1998   USA The Greatest Places
The Greatest Places Image Cover
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Director:Mal Wolfe
Studio:Cincinnati Museum Center
Writer:Pamela Stacey
IMDb Rating:6.1 (165 votes)
Duration:40 min
Mal Wolfe  ...  (Director)
Pamela Stacey  ...  (Writer)
Avery Brooks  ...  Narrator (voice)
Chuck Davis  ...  Cinematographer
Eric Christiansen  ...  Editor
Chris Thomas  ...  Composer
Summary: The Greatest Places begins by noting that Earth is "the most diverse planet in the solar system," and impressive computer-generated graphics depict the very early history of the planet, showing vividly how geological events formed the continents. Particular sites around the world (the "greatest places" of the title) are then visited, and some dazzling cinematography displays the exotic locations spectacularly. A trip into the jungles of Madagascar demonstrates how the island, isolated as it was for 40 million years, developed unique wildlife, including many species of lemurs. High atop the Tibetan plateau, nomads are seen herding yaks and Buddhist pilgrims are filmed against the stunning peaks of the Himalayas. A "holy lake" in Tibet dissolves into a shot of the mighty Amazon River, and the ecosystem of the South American jungle is explored. And the world's largest island, Greenland, is scanned by cameras that linger on the sheer enormity of glaciers as well as on the native peoples who manage to live at extreme low temperatures. Near the end of the film the narrator notes that "life is a reflection of the landscape." And the breathtaking film shot in these remote but magnificent locales does demonstrate beautifully the awesome diversity of both landscape and life on Earth.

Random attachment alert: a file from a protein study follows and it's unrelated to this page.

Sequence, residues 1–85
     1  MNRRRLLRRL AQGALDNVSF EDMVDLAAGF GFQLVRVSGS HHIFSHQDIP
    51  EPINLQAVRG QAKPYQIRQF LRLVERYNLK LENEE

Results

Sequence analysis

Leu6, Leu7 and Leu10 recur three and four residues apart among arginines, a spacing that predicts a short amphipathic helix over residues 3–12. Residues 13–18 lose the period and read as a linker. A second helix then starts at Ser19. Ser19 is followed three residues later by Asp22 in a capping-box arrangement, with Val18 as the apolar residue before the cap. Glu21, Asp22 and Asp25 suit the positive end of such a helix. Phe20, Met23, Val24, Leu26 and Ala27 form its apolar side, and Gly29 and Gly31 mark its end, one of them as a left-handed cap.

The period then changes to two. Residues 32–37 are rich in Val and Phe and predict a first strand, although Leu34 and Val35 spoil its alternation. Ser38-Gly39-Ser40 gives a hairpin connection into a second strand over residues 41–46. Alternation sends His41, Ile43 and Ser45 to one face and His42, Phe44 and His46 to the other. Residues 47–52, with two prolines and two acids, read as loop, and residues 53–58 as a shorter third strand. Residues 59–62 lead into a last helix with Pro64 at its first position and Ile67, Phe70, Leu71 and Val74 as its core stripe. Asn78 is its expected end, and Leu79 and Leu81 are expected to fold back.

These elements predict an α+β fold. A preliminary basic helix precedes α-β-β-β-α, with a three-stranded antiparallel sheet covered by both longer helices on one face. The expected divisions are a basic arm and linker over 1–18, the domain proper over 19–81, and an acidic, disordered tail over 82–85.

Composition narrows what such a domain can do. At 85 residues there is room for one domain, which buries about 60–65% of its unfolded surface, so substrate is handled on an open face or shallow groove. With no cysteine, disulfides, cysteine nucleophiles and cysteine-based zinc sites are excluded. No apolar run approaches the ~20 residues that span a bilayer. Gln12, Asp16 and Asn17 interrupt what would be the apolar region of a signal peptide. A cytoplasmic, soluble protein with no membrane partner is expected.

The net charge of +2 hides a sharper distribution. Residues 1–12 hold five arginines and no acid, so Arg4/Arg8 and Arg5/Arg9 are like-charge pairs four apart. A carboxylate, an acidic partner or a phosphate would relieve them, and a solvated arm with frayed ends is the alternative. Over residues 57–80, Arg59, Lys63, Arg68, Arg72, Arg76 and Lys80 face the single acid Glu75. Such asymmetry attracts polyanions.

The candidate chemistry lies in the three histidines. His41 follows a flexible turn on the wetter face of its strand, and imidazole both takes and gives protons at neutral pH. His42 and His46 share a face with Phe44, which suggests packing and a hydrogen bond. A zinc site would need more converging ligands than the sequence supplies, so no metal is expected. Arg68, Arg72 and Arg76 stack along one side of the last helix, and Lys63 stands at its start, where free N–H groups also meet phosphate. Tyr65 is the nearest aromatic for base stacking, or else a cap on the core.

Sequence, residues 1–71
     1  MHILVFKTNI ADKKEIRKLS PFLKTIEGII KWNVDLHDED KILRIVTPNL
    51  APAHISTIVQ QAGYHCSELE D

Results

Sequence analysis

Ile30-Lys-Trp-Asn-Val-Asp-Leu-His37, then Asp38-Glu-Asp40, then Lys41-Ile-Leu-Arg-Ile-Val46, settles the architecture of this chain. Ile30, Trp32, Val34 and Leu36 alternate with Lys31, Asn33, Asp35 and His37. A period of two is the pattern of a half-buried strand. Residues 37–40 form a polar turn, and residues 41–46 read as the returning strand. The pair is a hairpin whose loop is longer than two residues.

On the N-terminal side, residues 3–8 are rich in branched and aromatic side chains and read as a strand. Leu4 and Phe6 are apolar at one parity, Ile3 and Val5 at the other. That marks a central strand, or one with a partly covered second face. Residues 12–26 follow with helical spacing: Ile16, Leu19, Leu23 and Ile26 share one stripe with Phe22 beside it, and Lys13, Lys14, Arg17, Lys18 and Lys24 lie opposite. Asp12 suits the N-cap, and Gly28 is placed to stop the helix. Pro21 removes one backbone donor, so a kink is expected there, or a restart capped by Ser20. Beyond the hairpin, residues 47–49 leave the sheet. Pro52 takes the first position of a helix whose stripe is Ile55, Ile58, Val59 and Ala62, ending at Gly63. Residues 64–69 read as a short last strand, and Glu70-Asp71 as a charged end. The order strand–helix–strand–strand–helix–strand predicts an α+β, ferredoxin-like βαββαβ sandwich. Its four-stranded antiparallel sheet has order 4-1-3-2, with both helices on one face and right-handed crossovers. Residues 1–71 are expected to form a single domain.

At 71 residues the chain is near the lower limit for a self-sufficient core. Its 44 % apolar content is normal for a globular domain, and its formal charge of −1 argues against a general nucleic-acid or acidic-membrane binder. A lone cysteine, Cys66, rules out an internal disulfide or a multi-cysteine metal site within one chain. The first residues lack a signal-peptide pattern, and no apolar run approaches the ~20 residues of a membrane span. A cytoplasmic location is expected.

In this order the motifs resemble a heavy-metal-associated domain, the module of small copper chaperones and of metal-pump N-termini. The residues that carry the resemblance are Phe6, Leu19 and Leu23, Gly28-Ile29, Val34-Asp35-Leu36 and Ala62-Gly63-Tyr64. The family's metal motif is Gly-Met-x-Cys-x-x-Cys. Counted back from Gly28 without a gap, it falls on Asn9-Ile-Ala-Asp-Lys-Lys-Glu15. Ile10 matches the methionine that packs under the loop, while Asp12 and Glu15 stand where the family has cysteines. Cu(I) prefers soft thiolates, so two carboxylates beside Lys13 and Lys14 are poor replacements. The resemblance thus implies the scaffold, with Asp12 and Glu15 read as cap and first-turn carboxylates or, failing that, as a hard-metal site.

Witness the greatest collection of diversity ever produced. The Greatest Places is a large-format film that takes you on a journey to seven of the most geographically dynamic locations on Earth.

AMAZON - This mightiest of rivers forms a network of water channels that permeates nearly half of South America.

GREENLAND - Harsh, foreboding and almost completely buried beneath a cap of permanent ice and snow. Greenland is the world's largest island. It is estimated that some 10,000 to 15,000 icebergs are calved by Greenland's glaciers each year.

IGUAZU FALLS - Strung out along the rim of a crescent-shaped cliff about 2.5 miles long, some 275 individual cascades and waterfalls plummet up to 269 feet into the gorge below. The thunderous roaring can be heard from miles away.

NAMIB DESERT - Stretching 1,200 miles in length, but averaging a width of only 70 miles, the Namib Desert is home to the highest sand dunes in the world.

OKAVANGO DELTA - A 6,000 square-mile maze of lagoons, channels and islands helps Okavango earn the description "the river that never finds the sea." Think hippos are nice and slow? Think again! Ever try making your own paper? The first paper was made out of papyrus, still found in Okavango.

MADAGASCAR - The world's fourth largest island is currently home to a rich diversity of wildlife, including lemurs, chameleons, spiny globefish, and up to 10,000 species of flora, 80 percent of which are found nowhere else on Earth!

TIBET - The Chang Tang plateau, at an average height of 15,000 feet, gives birth to many of Asias's mightiest rivers.

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